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Homer Simpson
12th October 2015, 04:28 PM
I am a bit of a dinosaur with my cameras, I treat my E1 like an electronic OM 2n :D

It tends to live on iso 100 mainly

What standard setting should I put the epl5 on without loosing any IQ
I am aware I can push it very high and will do as required

Graham_of_Rainham
12th October 2015, 04:39 PM
I normally use 200 as it's what I used in the old film days

However: I discovered Auto ISO and have some good shots at well over 1000

*chr

Homer Simpson
12th October 2015, 04:52 PM
200 is my default on the 520.

PeterBirder
12th October 2015, 07:30 PM
ISO 200 is believed to be the "native" or inherent sensitivity of the Sony sensors in the OMD/PEN range and should therefore give optimum IQ. The E-M1 which I understand uses a Panasonic sensor may be different. ISO LOW/ISO 100 is an "extension" which is achieved electronically is thought to cause a reduction in dynamic range.

Like Graham I use Auto ISO with an upper limit of ISO 1600 and have been quite happy with the results.

Regards.*chr

IainMacD
12th October 2015, 09:49 PM
Same settings for me on my m4/3 cameras (including E-PL5), ISO200 as default with a limit of 1600 when using Auto, it seems to work well. I have used low (100) ISO but it does reduce dynamic range quite dramatically.

Daveart
13th October 2015, 12:35 PM
Hi I have the em5 mk 1 I set my upper limit to 6400 ISO get good quality A3 sized print from them, as for dynamic range it is lower to about E3 range at 400 ISO.
Club members think it is incredible that the 4/3rdssystem could produce such quality at that ISO, they all thought that we could only get useable upto 800 ISO.

I am constantly asked what noise reduction software I use, when I tell them don't use noise reduction software, or sharpening.

Dave

OM USer
13th October 2015, 12:41 PM
I use auto ISO with a maximum of ISO 2000 as my default setting, pushing it a little more if I need to.

Walti
13th October 2015, 01:50 PM
Following on from my previous cameras I've always kept the ISO as low as possible, but have been using ISO1600 for wildlife in low light conditions and am VERY surprised by the IQ. Also took one in a tunnel at 25600... Grainy but good!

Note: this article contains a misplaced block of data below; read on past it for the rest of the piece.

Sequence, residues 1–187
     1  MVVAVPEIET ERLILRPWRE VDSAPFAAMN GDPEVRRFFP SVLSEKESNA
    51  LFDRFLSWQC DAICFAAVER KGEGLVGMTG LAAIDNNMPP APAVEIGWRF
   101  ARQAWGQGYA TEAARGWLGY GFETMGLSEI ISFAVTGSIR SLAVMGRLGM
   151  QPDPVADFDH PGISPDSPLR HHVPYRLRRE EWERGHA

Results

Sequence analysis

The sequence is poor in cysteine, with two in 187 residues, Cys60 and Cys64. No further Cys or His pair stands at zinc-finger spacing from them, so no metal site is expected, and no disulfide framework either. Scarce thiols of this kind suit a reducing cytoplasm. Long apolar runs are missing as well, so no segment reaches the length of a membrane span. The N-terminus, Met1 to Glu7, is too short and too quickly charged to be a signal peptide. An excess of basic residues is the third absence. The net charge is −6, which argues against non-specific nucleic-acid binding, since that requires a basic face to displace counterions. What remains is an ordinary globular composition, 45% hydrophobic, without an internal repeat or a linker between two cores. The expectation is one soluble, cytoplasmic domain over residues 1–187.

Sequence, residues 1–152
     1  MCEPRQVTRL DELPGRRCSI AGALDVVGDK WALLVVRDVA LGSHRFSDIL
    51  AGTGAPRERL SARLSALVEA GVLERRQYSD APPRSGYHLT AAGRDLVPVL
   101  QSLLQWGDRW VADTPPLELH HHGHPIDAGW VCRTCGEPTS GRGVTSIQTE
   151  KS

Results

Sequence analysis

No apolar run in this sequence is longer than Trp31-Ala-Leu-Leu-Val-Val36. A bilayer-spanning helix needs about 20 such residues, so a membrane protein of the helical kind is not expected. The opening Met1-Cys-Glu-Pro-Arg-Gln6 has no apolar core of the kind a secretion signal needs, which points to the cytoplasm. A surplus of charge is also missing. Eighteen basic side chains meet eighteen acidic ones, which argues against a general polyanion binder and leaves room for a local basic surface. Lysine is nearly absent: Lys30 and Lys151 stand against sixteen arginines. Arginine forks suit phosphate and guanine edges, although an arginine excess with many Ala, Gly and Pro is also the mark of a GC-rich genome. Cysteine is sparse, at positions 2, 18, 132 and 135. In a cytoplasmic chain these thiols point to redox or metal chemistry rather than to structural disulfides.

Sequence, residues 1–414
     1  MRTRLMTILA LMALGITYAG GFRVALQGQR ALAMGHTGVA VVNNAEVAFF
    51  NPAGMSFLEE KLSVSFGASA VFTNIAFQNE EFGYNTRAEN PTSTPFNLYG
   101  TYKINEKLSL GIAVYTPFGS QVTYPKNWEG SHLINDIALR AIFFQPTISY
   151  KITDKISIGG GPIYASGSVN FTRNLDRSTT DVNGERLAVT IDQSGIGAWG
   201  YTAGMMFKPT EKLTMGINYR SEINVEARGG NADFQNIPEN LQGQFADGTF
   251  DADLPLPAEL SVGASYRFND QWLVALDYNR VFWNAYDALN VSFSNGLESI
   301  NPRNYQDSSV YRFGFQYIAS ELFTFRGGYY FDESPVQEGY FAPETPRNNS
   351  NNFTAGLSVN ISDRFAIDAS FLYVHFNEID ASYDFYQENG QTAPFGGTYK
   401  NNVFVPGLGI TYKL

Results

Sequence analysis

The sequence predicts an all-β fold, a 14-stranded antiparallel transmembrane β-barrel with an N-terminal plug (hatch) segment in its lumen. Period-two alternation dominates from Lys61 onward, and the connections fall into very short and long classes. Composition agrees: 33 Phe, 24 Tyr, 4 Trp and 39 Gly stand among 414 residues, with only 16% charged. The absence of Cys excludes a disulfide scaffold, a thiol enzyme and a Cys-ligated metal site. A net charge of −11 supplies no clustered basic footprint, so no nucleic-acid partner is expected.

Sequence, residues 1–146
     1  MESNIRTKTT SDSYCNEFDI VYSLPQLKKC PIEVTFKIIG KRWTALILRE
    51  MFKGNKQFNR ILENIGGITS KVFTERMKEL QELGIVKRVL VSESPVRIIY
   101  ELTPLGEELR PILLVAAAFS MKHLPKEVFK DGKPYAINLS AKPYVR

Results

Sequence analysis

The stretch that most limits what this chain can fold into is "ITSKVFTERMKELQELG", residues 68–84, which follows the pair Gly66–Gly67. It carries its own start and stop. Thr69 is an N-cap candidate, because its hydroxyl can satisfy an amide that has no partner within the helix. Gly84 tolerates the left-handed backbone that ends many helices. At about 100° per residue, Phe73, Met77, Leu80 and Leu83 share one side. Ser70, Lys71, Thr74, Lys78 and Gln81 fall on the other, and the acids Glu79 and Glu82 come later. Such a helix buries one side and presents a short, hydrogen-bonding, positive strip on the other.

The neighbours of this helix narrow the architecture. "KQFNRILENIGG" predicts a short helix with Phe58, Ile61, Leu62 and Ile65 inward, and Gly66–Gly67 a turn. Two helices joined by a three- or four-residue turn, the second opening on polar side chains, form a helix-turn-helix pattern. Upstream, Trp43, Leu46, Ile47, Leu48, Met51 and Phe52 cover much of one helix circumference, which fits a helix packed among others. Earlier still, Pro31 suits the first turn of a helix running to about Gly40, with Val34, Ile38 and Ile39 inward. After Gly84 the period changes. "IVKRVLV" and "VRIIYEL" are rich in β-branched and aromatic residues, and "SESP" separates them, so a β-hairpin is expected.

Robin in the evening, not post processed 1600

http://www.e-group.uk.net/gallery/data/1960/PA040460.jpg

Tunnel by torchlight...

http://www.e-group.uk.net/gallery/data/1960/PA070810.jpg

Ulfric M Douglas
13th October 2015, 05:47 PM
... E1 ...
It tends to live on iso 100 mainly

What standard setting should I put the epl5 on without loosing any IQ
I am aware I can push it very high and will do as required
With that sensor I myself don't see any image degradation until ISO 1600,
but I'm easy to please and set my auto-ISO limit to 6400 anyway for the very dark times.

My E-1 is set to ISO 100 all the time.
My e-P1 and e-P2 are set to ISO 200 with ISO-bracket all the time.

Homer Simpson
14th October 2015, 05:35 PM
Thanks to everyone, looks like I was on the right track.

timboo
14th October 2015, 08:22 PM
Interesting topic, thanks for starting it. Im scared of upping the iso when using my 12-40 i just give up when light dims. i have only gone upto 800. Should i push it a lot harder?
when i used the 75 1.8 it was amazing in low light so kept it low. i always try with iso 200 then stop down.

so my question is i have not printed a3 size before what is the safest iso i can get away with without noticing noise. think i have got obsessed with online reviews recently.

my body is an em1

Ross the fiddler
15th October 2015, 12:03 AM
I'm another one to use Auto ISO limiting up to 6400.

All photos in this thread (http://e-group.uk.net/forum/showthread.php?t=39745) except for the flash ones are at ISO 6400 on E-M5 & E-M1 (but that is the Panasonic sensor though).

This is one of the photos from the E-M5 in that thread (the focus might not be totally on the eyes or there head is movement causing the blur).
http://fourthirds-user.com/galleries/data/509/OA129939-s.jpg (http://fourthirds-user.com/galleries/showphoto.php/photo/29967)